calming supplements & the placebo effect

I had a really tough ride on Suzy this week, which led me into a discussion with my barn manager about possibly giving her another dose of depo.¬† Barn manager suggested that since I spend a lot of time with Suzy, I’d be able to help Suzy’s owner decide if her behavior warranted another dose.¬† Now, there’s not a lot (almost none, but perhaps there is something I haven’t dug up yet) of evidence that depo actually¬†does anything in horses, despite many, many,¬†many anecdotes to the contrary.¬† Absence of evidence isn’t evidence of absence, but I’m not really one to go adding hormones to someone’s lifestyle without a pretty good reason.

seemed appropriate here

This led me to think about the hundreds of calming supplements and treatments available for horses that have little to no evidence of a significant (or even potentially biologically relevant) effect upon behavior.  Hell, I use one of them!  Yet so many of us cling to these supplements and swear up and down that they are doing something.

But the placebo effect is a strong and¬†very legitimate thing. Whether or not the placebo effect is causing actual physiological changes¬†or is being exploited by companies to sell sham products, it is a very easy trap to fall into. Most of us are going to add calming supplements to a horse’s diet after they’ve been particularly wild and crazy for some amount of time — maybe a week’s worth of rides.¬† But if those particularly wild and crazy days are outliers, or even just somewhere on the edge of “normal” for that horse, then his behavior is going to trend back toward normal whether you add the calming supplement or not.¬† Those days were¬†abnormal, and unless there’s something else significant going on to change the horse’s behavior (totally plausible — but not necessarily the case), the added calming supplement most likely did nothing.¬† The horse’s behavior was going to go back toward “normal” anyway.

big spikes of bad behavior like this == abnormal

Let’s say that we rate Murray’s badness on a very scientific scale of 1-10 each day: 1 is totally normal, no bad behaviors performed, 10 is rearing and striking.¬† (For the record, I’ve never experienced either a 1 or a 10 day.)¬† If Murray tends to hover around a 3.5 because he likes to get down with his bad self, but suddenly spikes up to an 8 one day, I’m likely to dump a bunch of extra magnesium in his bucket for a few days.¬† And then, because being a level-8 bad boy is a really unlikely occurrence, we just slide back toward the average. Which is both statistically and realistically¬†much more likely to occur on any given day.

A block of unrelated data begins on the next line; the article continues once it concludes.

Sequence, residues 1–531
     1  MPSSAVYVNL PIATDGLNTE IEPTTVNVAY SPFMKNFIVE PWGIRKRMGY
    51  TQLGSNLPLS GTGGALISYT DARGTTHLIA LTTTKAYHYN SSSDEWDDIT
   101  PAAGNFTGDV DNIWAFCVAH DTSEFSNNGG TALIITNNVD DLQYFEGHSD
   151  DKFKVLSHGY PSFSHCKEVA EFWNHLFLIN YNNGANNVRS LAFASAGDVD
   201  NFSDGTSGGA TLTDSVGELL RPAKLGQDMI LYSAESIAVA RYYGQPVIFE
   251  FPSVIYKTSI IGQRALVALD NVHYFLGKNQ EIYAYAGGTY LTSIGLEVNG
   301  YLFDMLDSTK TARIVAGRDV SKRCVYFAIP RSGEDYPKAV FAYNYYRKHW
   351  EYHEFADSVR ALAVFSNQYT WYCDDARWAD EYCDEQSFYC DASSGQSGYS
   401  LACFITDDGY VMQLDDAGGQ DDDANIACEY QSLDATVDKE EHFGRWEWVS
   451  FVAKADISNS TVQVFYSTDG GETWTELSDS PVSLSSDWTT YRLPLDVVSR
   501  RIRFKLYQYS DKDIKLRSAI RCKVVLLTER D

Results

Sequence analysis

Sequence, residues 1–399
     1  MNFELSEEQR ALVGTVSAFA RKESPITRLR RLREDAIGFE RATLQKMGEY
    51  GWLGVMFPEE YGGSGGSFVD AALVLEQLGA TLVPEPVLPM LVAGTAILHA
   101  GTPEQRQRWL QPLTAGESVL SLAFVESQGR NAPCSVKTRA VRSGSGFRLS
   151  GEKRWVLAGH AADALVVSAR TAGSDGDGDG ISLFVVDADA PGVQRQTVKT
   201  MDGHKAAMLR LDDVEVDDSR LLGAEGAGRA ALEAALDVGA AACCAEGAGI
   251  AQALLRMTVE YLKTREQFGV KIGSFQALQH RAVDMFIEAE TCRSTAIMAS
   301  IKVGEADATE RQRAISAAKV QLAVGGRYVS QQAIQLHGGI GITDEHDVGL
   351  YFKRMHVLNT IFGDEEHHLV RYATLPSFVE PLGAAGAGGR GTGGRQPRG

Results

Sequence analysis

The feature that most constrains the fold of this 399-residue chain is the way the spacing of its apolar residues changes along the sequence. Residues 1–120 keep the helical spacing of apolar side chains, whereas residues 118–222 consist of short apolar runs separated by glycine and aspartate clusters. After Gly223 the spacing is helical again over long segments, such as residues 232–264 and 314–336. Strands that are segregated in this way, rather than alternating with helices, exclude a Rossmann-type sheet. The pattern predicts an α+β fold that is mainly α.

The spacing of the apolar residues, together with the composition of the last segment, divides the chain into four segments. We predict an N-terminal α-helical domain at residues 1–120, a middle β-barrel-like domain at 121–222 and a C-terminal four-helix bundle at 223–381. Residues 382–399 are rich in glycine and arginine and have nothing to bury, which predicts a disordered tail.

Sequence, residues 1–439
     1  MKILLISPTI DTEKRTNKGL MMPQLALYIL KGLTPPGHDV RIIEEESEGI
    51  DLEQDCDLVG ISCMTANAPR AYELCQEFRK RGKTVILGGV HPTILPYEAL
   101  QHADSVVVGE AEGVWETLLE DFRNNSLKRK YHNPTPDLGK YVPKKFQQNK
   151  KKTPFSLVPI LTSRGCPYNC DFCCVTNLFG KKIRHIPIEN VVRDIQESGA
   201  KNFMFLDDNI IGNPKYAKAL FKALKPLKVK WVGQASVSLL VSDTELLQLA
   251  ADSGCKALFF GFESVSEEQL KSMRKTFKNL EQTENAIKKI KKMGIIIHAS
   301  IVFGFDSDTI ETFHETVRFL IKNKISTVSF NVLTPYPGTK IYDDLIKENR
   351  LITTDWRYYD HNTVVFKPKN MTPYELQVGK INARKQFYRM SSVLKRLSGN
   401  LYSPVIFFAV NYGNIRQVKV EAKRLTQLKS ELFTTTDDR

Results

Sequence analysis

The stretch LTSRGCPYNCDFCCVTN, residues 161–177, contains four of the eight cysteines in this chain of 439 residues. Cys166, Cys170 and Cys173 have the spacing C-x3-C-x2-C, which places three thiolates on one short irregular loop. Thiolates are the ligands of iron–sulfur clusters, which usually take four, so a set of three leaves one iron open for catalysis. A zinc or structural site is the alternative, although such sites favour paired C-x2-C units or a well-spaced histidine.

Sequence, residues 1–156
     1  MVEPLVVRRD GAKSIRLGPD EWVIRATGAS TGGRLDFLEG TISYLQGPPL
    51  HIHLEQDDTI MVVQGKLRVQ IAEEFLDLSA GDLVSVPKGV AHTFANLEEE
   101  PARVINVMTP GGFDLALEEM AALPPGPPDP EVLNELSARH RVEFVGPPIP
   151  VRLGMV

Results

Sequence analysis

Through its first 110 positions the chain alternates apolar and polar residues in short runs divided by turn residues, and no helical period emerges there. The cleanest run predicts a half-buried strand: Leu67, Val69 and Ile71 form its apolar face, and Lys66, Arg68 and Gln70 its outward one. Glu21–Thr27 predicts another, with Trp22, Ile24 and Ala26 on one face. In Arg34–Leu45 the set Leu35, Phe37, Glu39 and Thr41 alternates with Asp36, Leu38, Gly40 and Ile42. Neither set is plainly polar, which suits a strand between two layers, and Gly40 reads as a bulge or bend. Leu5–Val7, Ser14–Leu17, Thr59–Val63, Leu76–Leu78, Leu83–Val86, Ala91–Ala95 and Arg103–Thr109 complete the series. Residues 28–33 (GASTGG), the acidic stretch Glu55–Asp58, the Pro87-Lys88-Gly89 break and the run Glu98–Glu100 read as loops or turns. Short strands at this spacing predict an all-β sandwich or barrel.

Especially because the way we think of behavior (or anything with a gradient, basically) tends to fall on a bell curve.¬† If we assume that each behavioral category is roughly on standard deviation away from the next, it means that behaviors in the “average” category occur 68% of the time. Behaviors one more standard deviation away from average occur with 95% frequency.¬† If being slightly nutty or slightly better than average is occurring with 95% frequency, any time you have a bad day, you have something approaching a 95% chance that your next ride will be better (assuming the two days are independent, which they aren’t).

So when we’re adding calming supplements, or more invasive approaches to calming behavior, how are we to know if we are really doing anything?¬† There are ways to test it — you could blindly rank your horse’s behavior every single day that you spend with him while another person either gives him that supplement or a sham supplement. Then you’d compare the distributions of behaviors demonstrated.¬† I just turn to the science.¬† Of course, there’s really not a whole lot of peer reviewed research in this area, which is frustrating.

All of this is not to say that I don’t believe in calming supplements or that diet can change behavior.¬† Obviously I do, and there are some behaviors that I have seen decrease rapidly with the right change in diet.¬† I am completely certain that if we mapped Murray’s behavior when he’s on alfalfa and compared it to his behavior off alfalfa, we’d see a significant difference.

even walking is hard when Murray eats alfalfa

But it does mean that I approach adding supplements like this with a fair bit of caution, and I pretty much don’t believe what I read from testimonials on the internet.¬† People are notoriously bad at understanding probability and statistics without training in those areas, and we¬†love just-so stories.¬† We also really, really want to help our horses, and they can’t talk to us and say “I’m feeling a little extra girthy today, how about you take it extra slow while we tack up?” (I mean, sure, he does say that to me. It’s just usually¬†while I’m tacking up and it’s a leeetle bit too late.)¬† It also means that I don’t pay too much attention to any one ride, or even any one week, when making decisions about this stuff.¬† One day is an outlier.¬† A whole week… could easily be a rough week.¬†¬†Especially when there’s other stuff going on in the world that might influence behavior more than supplements do — changes in turnout, routine, weather… I’m seriously convinced that when the barometer drops, Murray’s brain swells and hurts his little head, because he’s usually much worse before a storm than during!

I may also use this logic to aggressively convince myself¬†out of using supplements that might help. When barn manager originally told me to take Murray off alfalfa I was like “NAW THAT’S NOT A THING”.¬† Same with adding magnesium.¬† And both of those things had a huge positive effect on Murray’s general outlook on life.

So, how do you approach adding and subtracting supplements like this?  Just go with the prevailing wisdom? Trust your gut? Appeal to nature?